I was so driven...life revolved around triathlon...brand new to the sport my first tri was a huge awakening.
I didn't pull off the time I wanted, the time I think I'm really capable of....IF I had trained properly. I'll admit it, I kind of ignored the hills on the run. I figured I would suffer through them, and still pull off close to the time I wanted without hill workouts, shockingly it doesn't work that way :p. I've always considered my mental strength my greatest asset in racing, but this race beat me up and cracked that mental drive. At the end of the day I learned a ton, about myself and triathlon and wouldn't trade the experience for the world. It was an ambitious goal on just over 2 months of swimming and riding and I cant express the satisfaction I got crossing that finishing line.
(Finished in 6 hours, 6th in my AG)
Turned around in my second tri, a sprint distance and raced to 3rd female overall which I was psyched about. Anyways it's so far in the past now, I needed a break from thinking about triathlon, and the only reason I started writing this was to give me an output to this sport I was obsessing about, instead of endlessly harassing friends and family with my thoughts, splits and crazy workouts.
But Baby I'm back!
I spent the last couple months doing a run focus to reach another one of my goals, running a marathon. I know "they" (those mysterious interwebs experts) say you don't need to run a marathon before you do an Ironman, and I think they are right. However I think it benefitted me to close out my season with one, to know what it feels like to cover that distance, to have the confidence of going in there with a plan and reaching it.
Even if I ignored the hill training this time too...damn you'd think I would learn my lesson the first time :p
I had a perfectly logical reason (aka: excuse). I was determined to run a marathon in 8 weeks, but there was a possibility that I would be moving to Scotland either 2 weeks before the marathon or one week after. So training in Texas, for a hot and flat marathon, with the possibility of moving to cold and hilly Scotland. Whats a girl to do? Obviously sign up for 2 marathons on the same day, one in Texas, one in Scotland and see where I end up!
Well I ended up in Scotland at the Lock Ness Marathon, with not a flat portion to be found and a monster hill at mile 19. Guess I shouldn't have skipped those hill repeats. My goal on the flat course was 3:25, I figured with the hills 3:35 was a good adjustment. I didn't realise how ambitious that was, the hills didn't look so big on the course layout.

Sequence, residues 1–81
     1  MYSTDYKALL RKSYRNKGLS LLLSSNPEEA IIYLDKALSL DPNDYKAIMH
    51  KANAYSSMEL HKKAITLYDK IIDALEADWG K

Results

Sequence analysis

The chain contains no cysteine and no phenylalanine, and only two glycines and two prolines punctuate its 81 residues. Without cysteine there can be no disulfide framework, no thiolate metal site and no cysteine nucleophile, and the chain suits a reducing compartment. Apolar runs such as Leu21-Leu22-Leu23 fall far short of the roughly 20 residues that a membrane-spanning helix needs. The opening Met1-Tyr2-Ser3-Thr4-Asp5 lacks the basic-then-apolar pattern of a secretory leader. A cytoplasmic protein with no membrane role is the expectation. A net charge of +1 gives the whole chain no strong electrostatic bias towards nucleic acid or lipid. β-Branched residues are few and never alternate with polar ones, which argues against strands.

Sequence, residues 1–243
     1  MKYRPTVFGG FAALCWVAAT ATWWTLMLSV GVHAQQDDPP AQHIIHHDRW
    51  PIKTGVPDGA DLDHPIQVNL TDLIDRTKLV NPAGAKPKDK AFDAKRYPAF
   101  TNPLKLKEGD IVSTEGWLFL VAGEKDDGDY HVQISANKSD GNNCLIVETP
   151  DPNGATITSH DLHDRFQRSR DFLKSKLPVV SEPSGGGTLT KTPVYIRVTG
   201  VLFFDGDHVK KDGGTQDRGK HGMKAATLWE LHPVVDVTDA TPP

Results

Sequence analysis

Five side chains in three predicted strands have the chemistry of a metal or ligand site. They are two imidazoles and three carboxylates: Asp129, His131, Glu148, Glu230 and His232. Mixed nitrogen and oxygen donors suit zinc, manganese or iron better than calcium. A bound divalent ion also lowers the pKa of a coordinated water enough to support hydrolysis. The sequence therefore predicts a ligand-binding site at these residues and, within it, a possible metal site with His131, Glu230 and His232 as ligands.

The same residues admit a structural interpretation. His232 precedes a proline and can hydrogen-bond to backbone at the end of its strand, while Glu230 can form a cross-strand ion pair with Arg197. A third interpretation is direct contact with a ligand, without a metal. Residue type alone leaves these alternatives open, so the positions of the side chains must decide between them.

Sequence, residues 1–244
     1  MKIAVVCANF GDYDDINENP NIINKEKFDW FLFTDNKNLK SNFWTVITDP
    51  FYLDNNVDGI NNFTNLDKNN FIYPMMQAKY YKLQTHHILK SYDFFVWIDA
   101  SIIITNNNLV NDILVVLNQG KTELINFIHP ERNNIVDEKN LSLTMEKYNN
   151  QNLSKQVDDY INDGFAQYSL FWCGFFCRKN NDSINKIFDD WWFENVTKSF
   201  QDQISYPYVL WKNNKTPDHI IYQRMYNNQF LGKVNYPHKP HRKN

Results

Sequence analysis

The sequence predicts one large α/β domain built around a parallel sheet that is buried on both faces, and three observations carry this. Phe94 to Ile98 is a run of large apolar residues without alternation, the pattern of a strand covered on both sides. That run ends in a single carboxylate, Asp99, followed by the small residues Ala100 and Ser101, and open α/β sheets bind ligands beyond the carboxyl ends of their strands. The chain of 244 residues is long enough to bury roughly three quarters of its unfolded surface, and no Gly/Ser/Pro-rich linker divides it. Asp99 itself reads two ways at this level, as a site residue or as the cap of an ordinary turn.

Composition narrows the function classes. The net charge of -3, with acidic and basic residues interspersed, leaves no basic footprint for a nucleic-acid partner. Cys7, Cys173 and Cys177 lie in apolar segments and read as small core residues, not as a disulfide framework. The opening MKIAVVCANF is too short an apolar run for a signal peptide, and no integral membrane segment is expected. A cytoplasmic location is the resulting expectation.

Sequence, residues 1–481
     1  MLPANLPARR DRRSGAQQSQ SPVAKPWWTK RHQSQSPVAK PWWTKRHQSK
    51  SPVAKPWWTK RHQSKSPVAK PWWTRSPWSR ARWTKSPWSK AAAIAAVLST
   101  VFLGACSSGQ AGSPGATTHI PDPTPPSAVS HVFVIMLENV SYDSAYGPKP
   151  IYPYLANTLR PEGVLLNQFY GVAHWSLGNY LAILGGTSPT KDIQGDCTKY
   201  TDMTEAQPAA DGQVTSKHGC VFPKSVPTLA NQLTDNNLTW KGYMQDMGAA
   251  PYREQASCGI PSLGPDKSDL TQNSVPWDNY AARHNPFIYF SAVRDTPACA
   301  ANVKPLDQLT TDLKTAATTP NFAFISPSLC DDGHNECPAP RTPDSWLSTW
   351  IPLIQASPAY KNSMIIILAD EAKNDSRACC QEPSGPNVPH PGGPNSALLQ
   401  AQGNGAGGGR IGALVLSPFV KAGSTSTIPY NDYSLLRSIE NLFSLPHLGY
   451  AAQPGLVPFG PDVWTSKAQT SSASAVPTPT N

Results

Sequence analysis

Mile 5...when my calves started hurting...not cramping...why are you doing this to us pain...
I think the last time my legs started hurting at mile 5 of a run was my first month running.
I started questioning, but I had braved the UK train system and made it all the way to Loch Ness, I was either going to finish this marathon or become best friends with Nessie, and Nessie didn't pop up to say hi.
It was a roller coaster ride, I had no strength on the hills so it was a yo-yo effect with everyone running around me. Going up the hills I would fall behind, going down the hills I would surge ahead...pacing was completely out the window!
Mile 19: mile long hill, everyone I can see starts walking because running up the incline isnt any faster. That doesn't help the pain.
Mile 20: Ok everything hurts, I mean really hurts, but I've worked this hard, its so hard to keep going. I need something to keep me motivated.
Queue the head games: Ok lets see how many women I can pass, 10k left, I won 1st female in my last 10k, sooo lets see if I can do that here and not have any women pass me before the end.
1,2,3,4, 3...crap gotta keep her in my sights cant be passed, 4
Mile 23: Ridiculous surge of energy, I'm really going to finish this, I'm actually starting to feel a bit better...
Mile23.2: Ohhh man this hurts, can I finish?
Mile 25: Head on into the wind, just keep moving, just keep moving.
Mile 25.8: Two girls pass me, ohh no I've held them off the last 10k this is not happening.
Sprint! All out, lets go, ohh man my legs don't feel collected to my body they are turning faster than I thought they could.
26.18: Passed both of them back!
26.2: WOOT!! I am a marathoner!!!
Oh dear lord I cant walk...seriously. I don't know how I ran this thing, after the race my calves refused to extend or flex at all. I had to take itty bitty steps to the food tent...after I picked up my bag on the other side of the field...it felt like it took me years...
I wasn't really planning on writing a race report, but I left my running group back in Texas and the family doesn't quite get it when I talk about this stuff.
Fun fact: it was 2 weeks before I could walk normally again, I am proud to say I left it all out on the course that day.